Guilty pleasures almost universally share one feature: if you expose yourself to them for too long in a stretch, you begin to feel your brain cells dying. Make no mistake, I love my guilty pleasures, chief among them some pretty shameful pop punk. But more than a couple tracks in a row, and I have to switch it off.
The best Useless I.D. could possibly be, if you’re over the age of fifteen, is a guilty pleasure. The question is, how much pleasure we can get for our guilt? Among the hundreds of overproduced, formulaic pop-punk (or alt rock, as we old fogies called it in the 90’s) albums, does Symptoms make the cut?
The album actually starts well enough, with a sharp riff and catchy vocal melody. The radio-ready engineering is a little hard to take, but that comes with the turf. “Before It Kills” is also a tolerable track, fast-paced with good hooks and one of the album’s most careful arrangements. Clocking in at two minutes, it doesn’t overstay its welcome. Starting at the following track, though, Symptoms begins to slide. “Normal With You” is a generic, whiny song, presumably directed to an ex. The melodies, though unoriginal, still satisfy, and the song boasts a well-written bridge and some cool guitar action.
Unfortunately, that’s where the band should have stopped. The first three tracks are as formulaic as anything geared towards mainstream radio, cliched tunes and deplorable, teenage lyrics, but they’re enjoyable. Any enjoyment is gone by “Erratic,” with a melody that overshoots “catchy” by about a mile and lands solidly in “obnoxious.” The band’s typical formula is already wearing thing.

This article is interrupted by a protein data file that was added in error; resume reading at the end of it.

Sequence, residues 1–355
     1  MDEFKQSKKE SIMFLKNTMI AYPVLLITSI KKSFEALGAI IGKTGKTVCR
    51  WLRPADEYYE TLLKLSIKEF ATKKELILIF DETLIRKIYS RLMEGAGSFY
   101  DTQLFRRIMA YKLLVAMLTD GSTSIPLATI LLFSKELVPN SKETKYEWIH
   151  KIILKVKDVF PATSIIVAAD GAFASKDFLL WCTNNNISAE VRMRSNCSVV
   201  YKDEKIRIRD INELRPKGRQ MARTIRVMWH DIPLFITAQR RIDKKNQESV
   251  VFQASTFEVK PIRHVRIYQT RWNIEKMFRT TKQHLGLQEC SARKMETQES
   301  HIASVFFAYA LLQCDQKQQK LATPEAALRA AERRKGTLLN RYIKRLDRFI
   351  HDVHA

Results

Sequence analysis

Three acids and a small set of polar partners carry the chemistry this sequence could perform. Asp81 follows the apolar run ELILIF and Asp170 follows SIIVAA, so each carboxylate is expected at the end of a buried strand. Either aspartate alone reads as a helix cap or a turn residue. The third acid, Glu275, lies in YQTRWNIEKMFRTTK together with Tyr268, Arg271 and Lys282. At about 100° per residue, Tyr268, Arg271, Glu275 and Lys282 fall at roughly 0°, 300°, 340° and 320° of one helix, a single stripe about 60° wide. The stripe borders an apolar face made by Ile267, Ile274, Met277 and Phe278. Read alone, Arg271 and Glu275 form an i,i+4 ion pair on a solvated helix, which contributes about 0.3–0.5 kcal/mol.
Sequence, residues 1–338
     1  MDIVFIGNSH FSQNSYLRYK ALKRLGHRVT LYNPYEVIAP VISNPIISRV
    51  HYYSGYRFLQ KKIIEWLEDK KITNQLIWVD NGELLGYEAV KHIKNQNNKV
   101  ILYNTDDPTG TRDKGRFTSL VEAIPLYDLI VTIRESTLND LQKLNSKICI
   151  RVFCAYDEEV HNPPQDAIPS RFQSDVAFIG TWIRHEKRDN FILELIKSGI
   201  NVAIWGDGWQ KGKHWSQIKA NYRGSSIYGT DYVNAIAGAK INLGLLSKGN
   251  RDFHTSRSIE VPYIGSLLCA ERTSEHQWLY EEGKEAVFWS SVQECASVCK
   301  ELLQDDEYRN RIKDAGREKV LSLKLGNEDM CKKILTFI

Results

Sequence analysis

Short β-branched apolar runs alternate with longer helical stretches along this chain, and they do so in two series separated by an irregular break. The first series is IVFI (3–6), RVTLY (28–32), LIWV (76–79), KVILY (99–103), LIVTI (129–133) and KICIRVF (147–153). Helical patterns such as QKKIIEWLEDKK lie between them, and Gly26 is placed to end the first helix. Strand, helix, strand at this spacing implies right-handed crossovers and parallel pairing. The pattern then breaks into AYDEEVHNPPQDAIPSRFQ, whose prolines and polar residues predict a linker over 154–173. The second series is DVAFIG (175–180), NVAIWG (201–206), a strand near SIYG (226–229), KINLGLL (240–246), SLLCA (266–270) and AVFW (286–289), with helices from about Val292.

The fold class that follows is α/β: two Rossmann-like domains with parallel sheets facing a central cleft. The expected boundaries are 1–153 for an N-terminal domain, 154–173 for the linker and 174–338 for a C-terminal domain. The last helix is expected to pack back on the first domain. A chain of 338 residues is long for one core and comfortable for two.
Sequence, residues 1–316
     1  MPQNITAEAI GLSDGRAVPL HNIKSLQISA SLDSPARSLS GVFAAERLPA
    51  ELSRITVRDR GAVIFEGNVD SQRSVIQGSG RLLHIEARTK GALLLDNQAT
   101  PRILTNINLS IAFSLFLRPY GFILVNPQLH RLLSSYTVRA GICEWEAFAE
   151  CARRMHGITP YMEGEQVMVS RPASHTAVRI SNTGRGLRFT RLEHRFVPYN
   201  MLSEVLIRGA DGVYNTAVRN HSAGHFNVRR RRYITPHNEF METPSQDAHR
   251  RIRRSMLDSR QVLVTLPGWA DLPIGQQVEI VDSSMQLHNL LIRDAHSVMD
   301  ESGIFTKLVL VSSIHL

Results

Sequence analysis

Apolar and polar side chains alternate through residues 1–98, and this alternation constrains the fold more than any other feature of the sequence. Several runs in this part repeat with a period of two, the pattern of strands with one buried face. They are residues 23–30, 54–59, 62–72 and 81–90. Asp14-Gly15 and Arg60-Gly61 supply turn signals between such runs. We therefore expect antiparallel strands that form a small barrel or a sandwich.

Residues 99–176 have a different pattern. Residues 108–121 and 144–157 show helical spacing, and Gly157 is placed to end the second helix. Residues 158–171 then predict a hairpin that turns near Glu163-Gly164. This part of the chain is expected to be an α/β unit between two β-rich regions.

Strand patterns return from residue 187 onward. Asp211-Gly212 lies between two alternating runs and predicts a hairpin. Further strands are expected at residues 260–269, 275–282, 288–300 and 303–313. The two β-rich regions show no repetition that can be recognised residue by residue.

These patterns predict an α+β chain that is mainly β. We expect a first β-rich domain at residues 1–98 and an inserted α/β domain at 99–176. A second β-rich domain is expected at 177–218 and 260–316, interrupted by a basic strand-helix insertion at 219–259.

‘”Manic Depression” is a low point, highlighting the album’s running theme, i.e. juvenile co-opting of mental health jargon. As for the music, my notes for this review just say “not tolerable.” Then comes “Sleeping With Knives,” featuring such lyrical gems as “outside your window, I’ve always been / I’m a vampire waiting to be let in / when I know there’s a silver bullet set a side.”
“Symptoms” offers some reprieve. It’s as formulaic as the rest, but the band pulls it off better here, at least in terms of the sappy but guiltily pleasurable melody. The rich arrangement, studded with a twinkling guitar, does its job.
“OCD,” in contrast, sounds unfinished. The scant melody and scant arrangement don’t add up to a song’s worth Singer Yotam Ben Horin proclaims profoundly, “Your obsessive-compulsive disorder creeps me out / I don’t want it,” about seven hundred times in under three minutes. Then, “New Misery” continues the record’s poetic bent: “I’m sick of feeling like a battery / the way you charge me up / the way you empty me…You’re f#%$ing someone else…this is the new misery.”
After that, the band has nowhere to go but up, but they don’t get far. The closing tracks have are darker and have more interesting arrangements, but they don’t offer enough to merit spending eight minutes of your life listening to them.
In the end, though, I owe the band a thanks. I was contemplating how enjoyable a root canal seemed in comparison to listening to some of these tracks, and that reminded me to make a long overdue dentist appointment. The money I’m not spending on this record should cover my copay.